Day 11: For today’s Close Up Monday, the species in question is the tiny but mighty tadpole.
In our minuscule wildlife pond we have at least two tadpoles. It has been thrilling to see them develop. At present they have grown their limbs and will soon emerge from the pond. Let’s look more closely into their life-cycle.
A female frog or toad can lay up to 50,000 eggs known as frogspawn. Tadpoles are the larval stage of the cycle and hatch from around 1-3 weeks. They eat vegetation and have adapted jaws to do this.
Tadpole with legs
The tadpoles in our yarden have been undergoing a fascinating metamorphosis. Unlike the butterfly, who goes into a crystals to morph, the tadpole changes before our very eyes.
Lungs develop, gills vanish, and limbs grow. I thought one of our tadpoles looked pretty mean! You can see its limbs clearly in the picture. Over time the tail is absorbed and the frog/toad becomes terrestrial.
Lifecyle of Frog/Toad
Frogs and toads are Anuran which means tail-less. Their skin is permeable to water meaning that if a frog is thirsty they just have to jump into water, while toads just need to find a muddy spot in which to absorb moisture through their stomachs. Frogs and toads are carnivorous and eat mosquitoes, files, snails and other invertebrates. Frogs reach maturity at three years old whereas toads at four. Frogs can live up to eight years and toads 12 years. I found most of my information from the Woodland Trust website, here. and Arkansas Frogs and Toads.
I was almost deterred from swimming in Blea Tarn and Brothers Water as they have been designated SSSI’s or Sites of Special Scientific Interest. However with both having been on my ‘to do’ list since the very beginning, I just couldn’t pass up the opportunity.
Blea Tarn and the Langdales
David and I drove to Blea Tarn at the start of our few days away to the Lake District. As we came from the direction of the Great Langdale valley the tarn looked rather uninspiring. Undeterred we parked up at the National Trust Blea Tarn car park, and paid the rather steep charge of £5.50 for 4 hours. Parking is right across the road from the tarn with an accessible walk to the waters edge and stunning views. I was surprised the area wasn’t more busy, we only saw a handful of people!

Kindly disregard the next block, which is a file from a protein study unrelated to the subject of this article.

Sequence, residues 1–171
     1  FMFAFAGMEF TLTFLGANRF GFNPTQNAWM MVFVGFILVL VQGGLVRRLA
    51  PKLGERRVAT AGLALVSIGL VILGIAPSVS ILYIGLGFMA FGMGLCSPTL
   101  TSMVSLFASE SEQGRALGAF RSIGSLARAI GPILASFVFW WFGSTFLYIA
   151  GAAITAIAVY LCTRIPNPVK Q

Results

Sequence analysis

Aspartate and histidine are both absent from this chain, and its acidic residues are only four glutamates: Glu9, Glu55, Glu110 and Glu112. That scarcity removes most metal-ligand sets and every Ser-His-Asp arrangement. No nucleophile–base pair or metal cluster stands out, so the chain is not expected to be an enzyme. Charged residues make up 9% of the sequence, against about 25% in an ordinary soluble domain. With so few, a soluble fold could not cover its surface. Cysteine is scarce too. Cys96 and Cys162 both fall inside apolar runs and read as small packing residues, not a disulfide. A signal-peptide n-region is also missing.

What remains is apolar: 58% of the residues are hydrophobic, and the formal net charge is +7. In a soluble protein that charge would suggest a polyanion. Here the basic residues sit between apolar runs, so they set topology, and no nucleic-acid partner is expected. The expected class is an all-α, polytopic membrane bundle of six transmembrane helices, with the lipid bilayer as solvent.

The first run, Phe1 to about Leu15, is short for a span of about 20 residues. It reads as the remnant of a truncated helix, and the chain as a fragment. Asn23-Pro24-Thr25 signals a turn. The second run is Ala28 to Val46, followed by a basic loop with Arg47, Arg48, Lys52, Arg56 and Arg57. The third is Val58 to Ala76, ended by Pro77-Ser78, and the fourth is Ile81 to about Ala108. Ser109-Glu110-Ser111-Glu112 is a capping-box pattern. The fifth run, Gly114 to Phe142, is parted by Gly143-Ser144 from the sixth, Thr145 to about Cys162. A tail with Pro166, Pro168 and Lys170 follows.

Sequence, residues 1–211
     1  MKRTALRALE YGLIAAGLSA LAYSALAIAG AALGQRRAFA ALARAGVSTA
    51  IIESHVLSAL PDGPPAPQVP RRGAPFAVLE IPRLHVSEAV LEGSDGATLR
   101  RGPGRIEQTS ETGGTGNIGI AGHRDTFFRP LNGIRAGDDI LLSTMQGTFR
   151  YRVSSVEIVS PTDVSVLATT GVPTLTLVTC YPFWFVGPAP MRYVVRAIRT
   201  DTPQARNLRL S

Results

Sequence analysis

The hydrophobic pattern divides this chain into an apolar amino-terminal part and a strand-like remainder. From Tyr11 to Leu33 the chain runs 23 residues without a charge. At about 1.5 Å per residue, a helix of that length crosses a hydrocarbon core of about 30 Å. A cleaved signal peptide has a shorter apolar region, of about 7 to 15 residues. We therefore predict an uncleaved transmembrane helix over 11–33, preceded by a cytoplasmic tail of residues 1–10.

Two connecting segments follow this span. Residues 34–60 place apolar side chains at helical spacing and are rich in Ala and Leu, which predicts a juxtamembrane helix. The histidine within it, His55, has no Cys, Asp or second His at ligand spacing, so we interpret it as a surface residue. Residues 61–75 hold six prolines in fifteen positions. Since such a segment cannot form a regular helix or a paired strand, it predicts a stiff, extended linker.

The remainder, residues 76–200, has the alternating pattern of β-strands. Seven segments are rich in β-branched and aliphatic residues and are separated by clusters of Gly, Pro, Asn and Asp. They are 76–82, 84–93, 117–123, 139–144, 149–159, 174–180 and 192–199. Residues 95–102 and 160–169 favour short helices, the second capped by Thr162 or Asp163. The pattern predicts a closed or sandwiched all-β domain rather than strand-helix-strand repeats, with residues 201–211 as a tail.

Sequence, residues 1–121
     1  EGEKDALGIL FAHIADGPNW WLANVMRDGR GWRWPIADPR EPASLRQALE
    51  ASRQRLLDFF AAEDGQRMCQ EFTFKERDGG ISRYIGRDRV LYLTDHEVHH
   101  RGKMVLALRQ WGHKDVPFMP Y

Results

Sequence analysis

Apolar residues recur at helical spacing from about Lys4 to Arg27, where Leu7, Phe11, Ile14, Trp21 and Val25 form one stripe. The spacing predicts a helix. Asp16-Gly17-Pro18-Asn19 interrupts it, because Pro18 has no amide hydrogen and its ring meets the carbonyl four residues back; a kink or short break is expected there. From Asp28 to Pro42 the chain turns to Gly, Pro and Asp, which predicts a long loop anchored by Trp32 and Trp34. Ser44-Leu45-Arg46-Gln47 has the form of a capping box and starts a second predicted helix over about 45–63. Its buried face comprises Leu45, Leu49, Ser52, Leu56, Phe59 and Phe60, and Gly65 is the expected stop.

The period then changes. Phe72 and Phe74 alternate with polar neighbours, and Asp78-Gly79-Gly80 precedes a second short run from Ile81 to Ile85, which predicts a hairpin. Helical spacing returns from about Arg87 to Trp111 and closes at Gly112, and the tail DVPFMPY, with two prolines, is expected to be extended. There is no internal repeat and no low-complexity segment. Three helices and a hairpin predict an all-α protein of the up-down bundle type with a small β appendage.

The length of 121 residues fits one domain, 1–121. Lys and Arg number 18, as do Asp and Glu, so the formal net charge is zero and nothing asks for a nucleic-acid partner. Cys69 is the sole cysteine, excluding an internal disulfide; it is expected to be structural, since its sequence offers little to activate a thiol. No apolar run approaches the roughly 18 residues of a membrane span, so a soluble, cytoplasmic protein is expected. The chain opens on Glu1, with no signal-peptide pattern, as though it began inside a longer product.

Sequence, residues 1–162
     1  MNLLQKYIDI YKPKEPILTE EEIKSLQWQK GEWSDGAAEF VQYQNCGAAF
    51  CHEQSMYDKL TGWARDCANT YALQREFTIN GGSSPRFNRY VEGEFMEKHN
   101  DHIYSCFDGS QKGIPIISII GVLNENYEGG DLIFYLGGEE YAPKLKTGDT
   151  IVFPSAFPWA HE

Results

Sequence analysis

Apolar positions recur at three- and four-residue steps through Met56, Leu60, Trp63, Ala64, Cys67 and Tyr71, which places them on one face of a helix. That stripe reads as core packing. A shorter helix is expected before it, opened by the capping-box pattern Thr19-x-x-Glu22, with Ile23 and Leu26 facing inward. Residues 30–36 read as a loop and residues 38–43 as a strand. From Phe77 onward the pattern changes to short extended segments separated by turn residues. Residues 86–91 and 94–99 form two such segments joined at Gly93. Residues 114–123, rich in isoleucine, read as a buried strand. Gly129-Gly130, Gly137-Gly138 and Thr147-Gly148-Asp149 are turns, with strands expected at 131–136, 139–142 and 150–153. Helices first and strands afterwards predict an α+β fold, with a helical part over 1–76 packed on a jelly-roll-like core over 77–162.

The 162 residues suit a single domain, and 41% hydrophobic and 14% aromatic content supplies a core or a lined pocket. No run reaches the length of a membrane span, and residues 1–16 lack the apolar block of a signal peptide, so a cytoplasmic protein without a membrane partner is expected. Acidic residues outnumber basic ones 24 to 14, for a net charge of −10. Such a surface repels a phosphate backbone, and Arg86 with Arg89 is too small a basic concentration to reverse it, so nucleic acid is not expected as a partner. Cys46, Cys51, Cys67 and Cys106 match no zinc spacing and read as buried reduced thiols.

We followed the National Trust trailand took a gentle meandering walk past the tarn, gazed at towering Scots Pines before heading out towards the fells and then the ultimate viewpoint over Great Langdale, which was stunning!
We returned to the shingle beach of Blea Tarn where we set up base and I stripped to my new tankini. Terence the turtle registered a balmy 18°C but with the wind I soon cooled quickly. Here’s some pictures and video of my very enjoyable swim, the best of the weekend! The entrance into the water was easy underfoot. No scrambling over rocks is always a plus in my book!
We got to the shores of Brothers Water after a five hour hike around Beda Fell. At 3.30pm there were only a few dog walkers around, I had the entire lake to myself! Tired and with aching feet we stumbled along the shingle shore towards the waters edge. From there I struggled into a new swimsuit and waded out ungracefully into the shallow and reedy waters. I did not stray too far from the shore, though in hindsight I think maybe I should have ventured out further. I was afraid of fronds catching at my ankles, much like Loweswater. However the waters were silky against my tired limbs and the views were soul nourishing. Pictures of Brothers Water to me, always looked like a mini Wast Water but once there the lake was reminiscent of Buttermere. The water was a warm 17°C but the swarm of flies that hovered about the surface of the water, and then me, was slightly off putting. I think with being exhausted from a mentally challenging walk, I didn’t enjoy swimming at Brothers Water as I should have. The real stars were the small fish that swam in shoals in the shallows. If anyone can ID them for me that would be great! Here’s a small selection of pictures and video of my swim.
Have you visited this tarn/water? What are your memories of them?
I can’t believe how quickly the first week of 30 Days Wild went and now I am finalising this post at the end of the second week! I am enjoying reading other bloggers’ adventures, and The Wildlife Trusts, 30 Days Wild app, of 101 random acts of wildness, is really inspiring me to learn more about the nature that I see around me.
Day Eight: Wednesday.
Wednesday was World Oceans Day. Highlighting the plight of the seas and collaborating for a better future. I was unable to get to the coast but I still managed to celebrate the diversity of the oceans. It was a day of cooking and baking bread. I shaped these granary loaves into sea turtles (recipe here). I’m no artist but I am pretty happy with how they turned out. What do you think?
In the afternoon I opened the app for the Great British Bee Count. I thought with the amount of bees flying about the yarden that I could do a timed count. I set up alongside a popular plant and started the one minute timer. Sadly, all the bees must have known and only one mason bee made an appearance! Typical!